One year ago, I was at the Presidio Institute’s Cross Sector Leadership Boot Camp in San Francisco, and I left there on fire with possibility.
One year later, I’m still on fire, and recent experiences have only fueled it further:
May is Mental Health month. We hosted a closing reception at APT, our arts incubator, to celebrate the art of three visual artists and a poet who all are very open about their mental health journeys. An art therapist also spoke.
The bravery and honesty of these artists was raw and emotional, and in that room, I watched people who have hidden their mental health issues begin to flower just the tiniest bit because they felt safe and accepted.
I received this message the next morning from an audience member:
“I had an attitude from the start. Didn’t want to go inside on a night like tonight. Yet Emily [the poet] is my friend, and I’d never heard her read her poetry, so I went. And what I thought was a courtesy by me wasn’t. She moved me; made me weep in public. But still, when she was done, I was done, so I slinked toward the exit, toward summer. But it took 30 seconds, and during that time [another artist] started to speak, and I was sucked back in. And suddenly summer didn’t matter anymore, and I just wanted to hear his story. And my night was complete.”
Access: we need to create so much more access to the arts for every kind of person in every kind of situation in the community.
We hosted The State of the Arts last week. Nearly 175 sector leaders from business, government, education and the arts attended. The North Dakota statewide Poetry Out Loud winner, a top nine national finalist, from Fargo North High School by way of South Sudan recited her poetry to a rapt audience.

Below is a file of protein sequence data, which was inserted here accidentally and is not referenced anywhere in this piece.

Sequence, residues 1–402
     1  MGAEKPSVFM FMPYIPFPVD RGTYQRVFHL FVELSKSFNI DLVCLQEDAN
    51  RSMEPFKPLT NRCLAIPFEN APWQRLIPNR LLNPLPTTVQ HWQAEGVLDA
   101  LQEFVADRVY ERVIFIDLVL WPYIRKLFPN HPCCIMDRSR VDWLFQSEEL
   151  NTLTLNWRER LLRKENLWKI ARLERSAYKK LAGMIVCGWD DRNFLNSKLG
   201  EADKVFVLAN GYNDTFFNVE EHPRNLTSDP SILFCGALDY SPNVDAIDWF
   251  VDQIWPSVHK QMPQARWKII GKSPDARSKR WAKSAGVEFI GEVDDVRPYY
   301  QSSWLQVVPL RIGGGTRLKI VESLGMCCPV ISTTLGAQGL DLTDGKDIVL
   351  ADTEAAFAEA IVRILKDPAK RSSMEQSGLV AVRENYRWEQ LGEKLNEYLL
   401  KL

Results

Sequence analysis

We awarded more than $120,000 to organizations making art, Flint Group’s Jodi Duncan talked about the value of the arts for business and we celebrated the year in the arts and looked ahead to our goals.
We intend to be bolder in our work, to provide broader access to the arts for everyone and to continue challenging the larger community to get involved.
I spent a day with 21 Concordia professors visiting a number of art facilities, parks where creative placemaking is happening, some individual artists and more.
The goal? To help the various disciplines think about how they can engage their students and their research better in the arts. There were math, computer science, political science and other professors for whom this is not a clear path, but they spent the day learning about the arts in the community and gaining an understanding of why they matter and how they can incorporate them into their work.
So I’m feeling empowered again to keep dreaming big, to keep being audacious.
The arts matter in the Metro, and I bear daily witness to that fact. Won’t you come along for this crazy, artistic, culture-building, life-changing ride? We absolutely have room for you, and we definitely need you. But here’s the best part: you need us, too.
This article is part of a content partnership with the Fargo Forum and originally appeared in print on Monday, June 18, 2018.